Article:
Friday, November 28, 2014

Parsha Perspective

By Rabbi Yisroel Shusterman

Philosophers have long struggled with the great question of our freedom of choice on the one hand, and our belief in a higher destiny on the other. Is life determined by fate, or do we enjoy genuine freedom?

Generally, Judaism would seem to subscribe to a personal freedom in matters of morality, faith and the ethical choices we make in life. But when it comes to things like life and death, and even health and wealth, much as we would like to think we are in the driver’s seat, we do seem to be subject to forces beyond our control. Where we live, how long we will live, how comfortably we will live—these are all in G‑d’s hands. Where we can and must choose is what kind of life we will lead. Whether it will be a G‑dly, righteous, upstanding, decent and honest life—this is up to us, and us alone. G‑d steps back to grant us the freedom to determine how good, how kind and how Jewish we will, or will not, be.

In this week’s Torah portion of Vayeitzei (Bereishis [Genesis] 28:10-32:3), we read a passage  And Jacob lifted his feet and went on his way (Genesis 29:1). This verse tells of Jacob’s journey in his escape from the wrath of Esau. He was en route to Haran, where he would eventually establish his family and lay the foundations for the Jewish people. But why the curious language, “And Jacob lifted his feet”? Does the Torah really need to tell us that in order to move, we have to first lift our feet? Was he stuck in a swamp or something?

So many of us look at our circumstances and shrug our shoulders, “Nu, what can you do?” If we were born into poverty or raised in a less-than-privileged environment, we resign ourselves to being doomed to failure. So many people have told me that they were part of the “lost generation” of Jews who had no Jewish education or upbringing. Their immigrant parents were so busy surviving in a new world that they had no time or headspace to raise their children with the Jewish value system they themselves had back in Europe. Tragically, these individuals felt that, Jewishly, they were lost forever.

Rabbi Jonathan Sacks (former Chief Rabbi of the United Kingdom) tells the story of how, as a young philosophy student at Cambridge, he traveled the world visiting great leaders. When he came to see the Lubavitcher Rebbe, the Rebbe asked him what he was doing for the Jewish students at Cambridge. He began by saying, “In the circumstances I currently find myself . . .” whereupon the Rebbe interrupted him and said, “No one ‘finds himself’ in circumstances. We create our own circumstances.”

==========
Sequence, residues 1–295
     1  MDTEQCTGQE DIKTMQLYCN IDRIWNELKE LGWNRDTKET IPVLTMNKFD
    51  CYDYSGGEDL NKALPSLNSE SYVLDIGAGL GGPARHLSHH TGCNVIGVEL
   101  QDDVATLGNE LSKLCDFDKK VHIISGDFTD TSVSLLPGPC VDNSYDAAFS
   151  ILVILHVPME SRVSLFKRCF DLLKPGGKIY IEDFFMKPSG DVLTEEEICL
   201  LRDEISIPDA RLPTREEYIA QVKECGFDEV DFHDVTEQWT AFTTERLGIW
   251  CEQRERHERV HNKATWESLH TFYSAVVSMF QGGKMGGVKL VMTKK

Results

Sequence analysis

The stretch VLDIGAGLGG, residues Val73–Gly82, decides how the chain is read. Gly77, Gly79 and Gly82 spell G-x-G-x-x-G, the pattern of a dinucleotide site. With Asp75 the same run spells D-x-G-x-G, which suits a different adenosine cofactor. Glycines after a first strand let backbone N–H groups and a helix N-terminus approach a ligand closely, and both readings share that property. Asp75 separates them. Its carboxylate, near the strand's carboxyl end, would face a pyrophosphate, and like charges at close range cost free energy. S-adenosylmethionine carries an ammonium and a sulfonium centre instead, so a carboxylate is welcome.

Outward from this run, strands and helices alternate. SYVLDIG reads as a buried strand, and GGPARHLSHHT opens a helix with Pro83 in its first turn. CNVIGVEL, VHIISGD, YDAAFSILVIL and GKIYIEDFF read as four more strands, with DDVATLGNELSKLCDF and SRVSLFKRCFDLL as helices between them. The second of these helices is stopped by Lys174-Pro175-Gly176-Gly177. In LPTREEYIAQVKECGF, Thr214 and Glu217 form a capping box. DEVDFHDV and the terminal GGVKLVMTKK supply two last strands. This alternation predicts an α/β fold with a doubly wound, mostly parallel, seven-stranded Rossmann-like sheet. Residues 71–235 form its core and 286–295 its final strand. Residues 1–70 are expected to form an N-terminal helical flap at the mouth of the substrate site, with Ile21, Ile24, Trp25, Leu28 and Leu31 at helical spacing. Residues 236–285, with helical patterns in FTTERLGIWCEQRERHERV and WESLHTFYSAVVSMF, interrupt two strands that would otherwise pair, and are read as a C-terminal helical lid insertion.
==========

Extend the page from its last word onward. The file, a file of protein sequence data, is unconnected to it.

Of course, there are times when we will find ourselves in circumstances beyond our control; but throughout life, we will find ample scope and opportunities to improve our own circumstances. G‑d gives each of us our own unique qualities, talents and potential, and it is up to us to use and develop these gifts. Life is full of inspiring examples of individuals who have overcome disabilities and disadvantages of one kind or another. In the Jewish world, many have risen to prominence from the humblest beginnings. The Torah is the birthright of every Jew. We just have to go out and claim it.

The words of our Parsha are quite deliberate and well-chosen after all. “Jacob lifted his feet and went on his way.” Some people follow their feet wherever they will take them. No matter the direction, they simply coast along, allowing their feet to lead them.

Not so Jacob. He was master of his feet and master of his circumstances. He set his feet on the right road, and became master of his destiny.

May we all be inspired to lift ourselves beyond our circumstances and move on and up in our lives.

(Excerpts from - by Rabbi Yossy Goldman)

May you have a meaningful and uplifting Shabbos!

Tes & Yud Kislev Farbrengen This Tuesday Night After 8:30 Maariv

There will be a farbrengen this Tuesday night, December 2, following the 8:30 PM Maariv minyan at Tzemach Tzedek in honor of Tes and Yud Kislev.

Tes Kislev is both the birthday and day of passing of the Mitteler Rebbe, Rabbi DovBer of Lubavitch, son of the Alter Rebbe and the second Lubavitcher Rebbe.

The Mitteler Rebbe was known for his unique style of "broadening rivers" -- his teaching were the intellectual rivers to his father's wellspring, lending breadth and depth to the principles set down by the Alter Rebbe.

Born in Liozna, White Russia in 1773, Rabbi DovBer was named after Rabbi Schneur Zalman's mentor and teacher, Rabbi DovBer of Mezeritch, who had passed away on Yud Tes Kislev of the previous year.

Rabbi DovBer assumed the leadership of Chabad upon his father's passing in 1812. In 1813 he settled in the town of Lubavitch, which was to serve as the movement's headquarters for the next 102 years. In 1826, he was arrested on charges that his teachings threatened the imperial authority of the Czar, but was subsequently exonerated.

The Mitteler Rebbe passed away on his 54th birthday in 1827, a day before the first anniversary of his liberation.

The date of his release, Kislev 10, is celebrated amongst Chabad Chassidim as a festival of liberation. Tachnun is omitted, farbrengens are held, and the Mitteler Rebbe’s teachings are studied.